- Ask students (individually, in partners, in groups, or whole-class) to brainstorm a list of contemporary problems, issues, or controversies that they think are important.
- Introduce the Raising Awareness Mini-Poster Assignment.
- Divide the students into groups. Distribute a packet of 2-4 articles about a single issue to each group. (You may prepare packets on as many different issues as you choose.) Instruct students to read and annotate the articles (you may wish to have students do this in a “jigsaw” format), then agree with their group on a 1-sentence description of the problem addressed in the articles and a 1-sentence description of the solution being addressed in the articles.
Note: At this point in the year (and in the second unit also), I choose topics for students rather than have them generate their own list of contemporary issues. While part of the appeal of this kind of work is the increased engagement that comes with student choice, I feel that I can anticipate some of the issues that would interest students, and I need to have the materials prepared ahead of time. By the third unit (the Taking Action Project itself), students are far more able to do their own research, meaning that they can choose a topic that genuinely interests them, and I do not have to be responsible for finding and distributing all materials – a task that would make the project prohibitively time consuming.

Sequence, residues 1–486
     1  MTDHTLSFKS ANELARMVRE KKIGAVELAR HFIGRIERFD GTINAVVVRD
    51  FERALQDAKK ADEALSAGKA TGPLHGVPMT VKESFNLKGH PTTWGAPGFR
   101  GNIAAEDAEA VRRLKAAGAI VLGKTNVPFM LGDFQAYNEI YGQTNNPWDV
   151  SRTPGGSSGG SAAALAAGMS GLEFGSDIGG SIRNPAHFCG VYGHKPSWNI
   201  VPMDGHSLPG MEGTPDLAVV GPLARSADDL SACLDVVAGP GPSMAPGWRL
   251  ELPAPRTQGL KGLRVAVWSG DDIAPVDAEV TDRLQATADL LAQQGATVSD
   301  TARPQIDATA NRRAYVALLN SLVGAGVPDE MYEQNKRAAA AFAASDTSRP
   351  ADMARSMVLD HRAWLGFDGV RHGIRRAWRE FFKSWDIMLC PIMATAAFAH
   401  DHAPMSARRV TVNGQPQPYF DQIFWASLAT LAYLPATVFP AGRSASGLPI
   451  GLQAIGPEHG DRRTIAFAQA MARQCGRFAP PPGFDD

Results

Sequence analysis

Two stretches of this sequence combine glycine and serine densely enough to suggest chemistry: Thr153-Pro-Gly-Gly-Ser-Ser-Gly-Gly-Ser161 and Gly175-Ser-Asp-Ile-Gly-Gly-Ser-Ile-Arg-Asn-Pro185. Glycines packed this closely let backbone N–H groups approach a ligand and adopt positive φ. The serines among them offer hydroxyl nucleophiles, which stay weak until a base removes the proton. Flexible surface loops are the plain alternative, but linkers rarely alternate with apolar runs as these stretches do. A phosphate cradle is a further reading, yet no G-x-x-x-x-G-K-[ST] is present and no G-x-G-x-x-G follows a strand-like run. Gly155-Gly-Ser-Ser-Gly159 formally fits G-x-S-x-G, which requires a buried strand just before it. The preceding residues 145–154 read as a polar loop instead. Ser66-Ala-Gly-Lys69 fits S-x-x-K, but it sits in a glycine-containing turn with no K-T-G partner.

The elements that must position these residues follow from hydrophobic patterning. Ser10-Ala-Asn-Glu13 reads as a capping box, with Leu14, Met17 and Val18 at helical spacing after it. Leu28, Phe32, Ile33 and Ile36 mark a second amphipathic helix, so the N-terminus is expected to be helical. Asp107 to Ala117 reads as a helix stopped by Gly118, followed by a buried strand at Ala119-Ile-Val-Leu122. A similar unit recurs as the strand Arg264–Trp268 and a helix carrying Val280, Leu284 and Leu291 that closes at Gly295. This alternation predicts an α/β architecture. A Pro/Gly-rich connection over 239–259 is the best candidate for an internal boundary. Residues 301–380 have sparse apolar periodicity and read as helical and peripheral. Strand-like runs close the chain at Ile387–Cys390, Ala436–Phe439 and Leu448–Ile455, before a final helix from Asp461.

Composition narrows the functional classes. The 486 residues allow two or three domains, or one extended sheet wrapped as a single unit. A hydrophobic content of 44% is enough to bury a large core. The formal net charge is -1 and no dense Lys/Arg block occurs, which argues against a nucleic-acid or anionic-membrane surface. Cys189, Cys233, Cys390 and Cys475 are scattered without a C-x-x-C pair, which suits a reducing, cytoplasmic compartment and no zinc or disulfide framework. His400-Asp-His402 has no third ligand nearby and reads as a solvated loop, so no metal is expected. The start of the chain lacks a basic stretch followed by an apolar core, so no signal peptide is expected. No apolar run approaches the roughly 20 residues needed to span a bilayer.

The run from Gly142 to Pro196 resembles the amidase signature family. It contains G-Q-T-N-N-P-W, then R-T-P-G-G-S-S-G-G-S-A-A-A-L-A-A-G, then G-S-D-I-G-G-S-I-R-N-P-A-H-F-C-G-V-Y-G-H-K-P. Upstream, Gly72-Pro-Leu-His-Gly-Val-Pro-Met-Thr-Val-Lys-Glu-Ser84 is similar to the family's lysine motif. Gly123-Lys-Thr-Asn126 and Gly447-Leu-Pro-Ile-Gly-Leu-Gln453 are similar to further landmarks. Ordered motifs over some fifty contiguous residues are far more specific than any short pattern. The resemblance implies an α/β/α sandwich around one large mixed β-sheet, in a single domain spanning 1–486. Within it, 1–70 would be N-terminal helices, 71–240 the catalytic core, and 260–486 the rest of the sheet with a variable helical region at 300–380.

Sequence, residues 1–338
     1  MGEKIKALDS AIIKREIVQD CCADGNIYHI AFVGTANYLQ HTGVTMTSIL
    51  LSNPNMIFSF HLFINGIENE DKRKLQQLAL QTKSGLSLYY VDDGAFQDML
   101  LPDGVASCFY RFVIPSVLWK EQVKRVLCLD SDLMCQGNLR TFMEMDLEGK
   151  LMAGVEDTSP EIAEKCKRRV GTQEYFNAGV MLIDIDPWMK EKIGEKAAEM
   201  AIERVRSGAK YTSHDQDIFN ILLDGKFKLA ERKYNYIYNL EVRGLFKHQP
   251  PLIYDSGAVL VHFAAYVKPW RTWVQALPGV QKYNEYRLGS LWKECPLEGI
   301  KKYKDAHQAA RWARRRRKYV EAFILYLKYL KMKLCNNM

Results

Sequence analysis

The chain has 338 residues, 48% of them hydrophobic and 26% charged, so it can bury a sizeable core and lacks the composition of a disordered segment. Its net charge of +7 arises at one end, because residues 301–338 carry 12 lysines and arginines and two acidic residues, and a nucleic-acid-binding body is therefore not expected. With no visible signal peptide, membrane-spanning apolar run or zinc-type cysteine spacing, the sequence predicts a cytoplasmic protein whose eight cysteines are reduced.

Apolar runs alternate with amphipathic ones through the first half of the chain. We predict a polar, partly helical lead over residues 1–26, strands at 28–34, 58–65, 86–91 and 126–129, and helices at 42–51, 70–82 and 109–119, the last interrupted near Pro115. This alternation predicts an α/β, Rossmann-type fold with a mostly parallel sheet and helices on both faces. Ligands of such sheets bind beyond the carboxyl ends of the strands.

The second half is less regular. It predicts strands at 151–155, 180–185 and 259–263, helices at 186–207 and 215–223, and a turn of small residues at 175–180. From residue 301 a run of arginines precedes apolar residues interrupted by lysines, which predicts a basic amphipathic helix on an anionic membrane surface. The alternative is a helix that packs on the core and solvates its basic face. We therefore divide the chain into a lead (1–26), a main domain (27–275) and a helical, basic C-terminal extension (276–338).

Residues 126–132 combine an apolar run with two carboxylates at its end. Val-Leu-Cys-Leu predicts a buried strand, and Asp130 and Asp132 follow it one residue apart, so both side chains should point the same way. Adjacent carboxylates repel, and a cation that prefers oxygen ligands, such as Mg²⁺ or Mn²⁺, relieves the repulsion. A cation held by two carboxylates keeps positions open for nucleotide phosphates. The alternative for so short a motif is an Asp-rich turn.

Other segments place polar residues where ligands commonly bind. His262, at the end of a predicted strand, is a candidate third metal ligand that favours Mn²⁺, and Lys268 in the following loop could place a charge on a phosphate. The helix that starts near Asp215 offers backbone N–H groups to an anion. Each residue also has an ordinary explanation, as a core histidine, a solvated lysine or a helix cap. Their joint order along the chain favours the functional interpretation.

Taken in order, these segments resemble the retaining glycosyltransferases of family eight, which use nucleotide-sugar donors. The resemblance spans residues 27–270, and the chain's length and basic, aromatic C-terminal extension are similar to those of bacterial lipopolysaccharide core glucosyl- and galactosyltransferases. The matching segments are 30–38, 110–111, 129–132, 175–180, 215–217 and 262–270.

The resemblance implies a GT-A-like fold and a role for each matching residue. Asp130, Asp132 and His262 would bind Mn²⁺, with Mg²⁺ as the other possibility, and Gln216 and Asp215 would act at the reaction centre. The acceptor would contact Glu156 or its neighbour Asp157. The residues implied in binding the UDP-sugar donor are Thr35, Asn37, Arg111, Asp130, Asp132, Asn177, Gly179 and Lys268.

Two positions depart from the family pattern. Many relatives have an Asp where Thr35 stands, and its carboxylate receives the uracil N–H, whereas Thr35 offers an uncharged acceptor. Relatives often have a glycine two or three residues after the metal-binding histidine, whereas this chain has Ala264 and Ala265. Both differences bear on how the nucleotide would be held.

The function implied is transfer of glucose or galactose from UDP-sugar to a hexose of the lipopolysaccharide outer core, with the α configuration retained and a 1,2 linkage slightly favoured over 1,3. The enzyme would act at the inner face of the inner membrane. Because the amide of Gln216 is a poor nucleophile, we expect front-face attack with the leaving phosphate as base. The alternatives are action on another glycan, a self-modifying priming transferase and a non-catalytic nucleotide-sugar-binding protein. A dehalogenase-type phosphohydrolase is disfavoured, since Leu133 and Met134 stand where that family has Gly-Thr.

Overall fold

- Ask students to review with their groups their descriptions of the problem and solution explained in their articles.
- Instruct students to design, in their groups, a mini-poster that raises awareness about their assigned problem and solution.
- Ask students to share their posters with the class.
Unit 1 Student Work
These are two examples of student work. Note that students did not create a final draft of their poster.
Note that this student work is not necessarily intended to be exemplary; it demonstrates a range of student understanding and skill. For example, Student 1’s written solution to the problem is not reflected in her poster. This kind of student response informs my presentation of the subsequent units – in this example, it showed me that I needed to help students better articulate solutions.